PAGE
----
The harvest of raspberries slows about now, each day bringing fewer and smaller berries.
No need to bemoan being bumped out of midsummer raspberry heaven, though. Fall-bearing raspberries are soon to follow.
Each cane on your typical red or yellow raspberry grows one year, bears fruit in the early summer of its second year, then dies. You do get to eat raspberries every year because new canes, which will bear the following year, are always growing at the same time as older canes are bearing fruit.
Canes of fall-bearing raspberries also live only two years - but the new canes jump the gun and squeeze in the beginnings of a crop toward the end of their first season. Once new canes reach a certain height, fruiting begins at their tips and then works its way down the cane until stopped by cold weather.
These canes finish their job the next year, bearing fruits in midsummer lower down, where they left off fruiting in fall. Fall-bearing raspberries are sometimes called everbearing raspberries, which, literally, they almost are.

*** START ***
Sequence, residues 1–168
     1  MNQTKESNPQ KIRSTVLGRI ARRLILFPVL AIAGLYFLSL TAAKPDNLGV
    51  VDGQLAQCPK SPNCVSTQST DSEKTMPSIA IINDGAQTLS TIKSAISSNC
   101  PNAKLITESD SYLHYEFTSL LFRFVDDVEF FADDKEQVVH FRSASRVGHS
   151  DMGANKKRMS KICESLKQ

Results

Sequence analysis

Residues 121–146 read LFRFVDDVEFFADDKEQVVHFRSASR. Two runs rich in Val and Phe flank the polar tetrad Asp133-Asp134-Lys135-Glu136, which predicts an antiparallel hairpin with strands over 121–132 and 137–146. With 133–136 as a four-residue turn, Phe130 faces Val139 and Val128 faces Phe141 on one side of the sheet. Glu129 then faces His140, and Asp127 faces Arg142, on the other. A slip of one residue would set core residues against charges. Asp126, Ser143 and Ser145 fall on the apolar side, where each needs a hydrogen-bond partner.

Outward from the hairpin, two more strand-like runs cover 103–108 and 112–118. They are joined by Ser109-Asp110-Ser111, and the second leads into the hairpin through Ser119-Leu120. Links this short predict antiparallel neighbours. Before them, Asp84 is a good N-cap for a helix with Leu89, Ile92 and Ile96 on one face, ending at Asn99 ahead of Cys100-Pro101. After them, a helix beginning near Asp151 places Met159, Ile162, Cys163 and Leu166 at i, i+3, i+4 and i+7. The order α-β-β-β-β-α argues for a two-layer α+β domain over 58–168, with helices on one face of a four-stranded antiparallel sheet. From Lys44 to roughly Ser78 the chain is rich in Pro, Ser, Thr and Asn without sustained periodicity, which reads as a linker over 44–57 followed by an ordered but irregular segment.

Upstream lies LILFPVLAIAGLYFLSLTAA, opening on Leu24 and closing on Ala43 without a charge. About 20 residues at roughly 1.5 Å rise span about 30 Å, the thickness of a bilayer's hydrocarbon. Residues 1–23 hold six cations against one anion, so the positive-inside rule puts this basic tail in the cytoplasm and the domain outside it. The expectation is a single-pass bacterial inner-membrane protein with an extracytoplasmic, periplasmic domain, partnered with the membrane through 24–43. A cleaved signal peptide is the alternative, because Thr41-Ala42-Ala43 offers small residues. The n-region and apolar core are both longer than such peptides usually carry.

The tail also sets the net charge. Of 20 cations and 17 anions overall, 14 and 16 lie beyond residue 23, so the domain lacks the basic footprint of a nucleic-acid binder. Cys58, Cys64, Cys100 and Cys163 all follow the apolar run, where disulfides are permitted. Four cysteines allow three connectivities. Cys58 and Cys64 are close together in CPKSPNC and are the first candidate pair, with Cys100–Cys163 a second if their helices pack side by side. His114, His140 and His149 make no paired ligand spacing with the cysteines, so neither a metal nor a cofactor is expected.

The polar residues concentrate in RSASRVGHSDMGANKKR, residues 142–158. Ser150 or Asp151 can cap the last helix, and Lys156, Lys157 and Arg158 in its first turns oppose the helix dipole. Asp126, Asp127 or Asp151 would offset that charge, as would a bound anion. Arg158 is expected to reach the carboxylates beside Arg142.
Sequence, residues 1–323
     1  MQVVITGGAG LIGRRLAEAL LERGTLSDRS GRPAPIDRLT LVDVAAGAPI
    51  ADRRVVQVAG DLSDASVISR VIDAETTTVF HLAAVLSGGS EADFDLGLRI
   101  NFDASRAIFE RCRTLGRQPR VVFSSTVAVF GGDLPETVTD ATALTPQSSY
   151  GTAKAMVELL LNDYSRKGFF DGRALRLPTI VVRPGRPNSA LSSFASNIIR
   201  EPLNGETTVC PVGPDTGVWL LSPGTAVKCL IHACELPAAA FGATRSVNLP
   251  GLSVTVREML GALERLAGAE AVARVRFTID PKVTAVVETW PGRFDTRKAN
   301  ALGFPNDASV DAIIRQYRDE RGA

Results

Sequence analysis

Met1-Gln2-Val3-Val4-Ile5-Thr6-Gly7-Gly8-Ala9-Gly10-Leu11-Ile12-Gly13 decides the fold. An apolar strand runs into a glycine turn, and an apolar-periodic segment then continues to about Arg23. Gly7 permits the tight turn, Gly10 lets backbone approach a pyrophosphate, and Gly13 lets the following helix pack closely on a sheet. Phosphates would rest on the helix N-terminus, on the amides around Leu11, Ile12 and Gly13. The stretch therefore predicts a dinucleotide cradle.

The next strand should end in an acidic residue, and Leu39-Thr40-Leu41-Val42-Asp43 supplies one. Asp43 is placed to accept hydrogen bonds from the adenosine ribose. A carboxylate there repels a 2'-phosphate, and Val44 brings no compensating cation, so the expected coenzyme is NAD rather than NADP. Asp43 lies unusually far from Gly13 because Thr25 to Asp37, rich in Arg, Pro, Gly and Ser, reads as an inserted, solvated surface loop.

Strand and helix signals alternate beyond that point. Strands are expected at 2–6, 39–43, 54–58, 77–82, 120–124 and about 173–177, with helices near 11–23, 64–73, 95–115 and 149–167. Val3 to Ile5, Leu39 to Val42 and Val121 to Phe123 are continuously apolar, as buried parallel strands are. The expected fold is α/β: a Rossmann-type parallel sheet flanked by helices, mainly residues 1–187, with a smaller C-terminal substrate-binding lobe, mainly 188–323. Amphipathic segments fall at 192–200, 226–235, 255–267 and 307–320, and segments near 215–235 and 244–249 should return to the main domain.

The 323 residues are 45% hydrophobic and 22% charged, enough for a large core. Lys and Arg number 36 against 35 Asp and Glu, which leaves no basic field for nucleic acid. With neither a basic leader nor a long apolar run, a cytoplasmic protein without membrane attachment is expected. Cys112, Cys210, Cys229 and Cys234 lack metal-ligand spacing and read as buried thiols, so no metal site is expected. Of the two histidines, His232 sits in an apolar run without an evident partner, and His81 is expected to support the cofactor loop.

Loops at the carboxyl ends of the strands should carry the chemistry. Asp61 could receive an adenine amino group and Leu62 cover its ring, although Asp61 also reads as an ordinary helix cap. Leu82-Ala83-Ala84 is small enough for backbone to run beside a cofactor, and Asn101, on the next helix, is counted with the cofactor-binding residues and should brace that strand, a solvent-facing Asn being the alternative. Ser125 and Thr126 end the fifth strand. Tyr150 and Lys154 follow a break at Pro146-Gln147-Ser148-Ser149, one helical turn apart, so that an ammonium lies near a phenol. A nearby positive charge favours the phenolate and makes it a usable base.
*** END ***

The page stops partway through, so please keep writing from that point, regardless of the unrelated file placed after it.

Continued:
Pruning is a must
Pruning keeps all raspberries healthy and productive, and the procedure for fall -bearing varieties is slightly different from that for conventional, summer bearing ones. Because stems of both die after their second season, they need to be cut to the ground either right after they finish fruiting in summer or during the winter that follows.
As far as the other stems of fall-bearing raspberries, the ones that start to bear in the latter part of their first season of growth: Sometime during their first winter, these stems should be shortened to just below where they bore fruit. Remnants of fruit stalks along the young stems clearly tell you where to cut.
There is another, even easier, way to prune fall-bearing raspberries, and that is to just lop the whole planting clear to the ground each winter. Use a scythe, pruning shears, lopper, heavy duty mower, whatever it takes; no finesse is needed.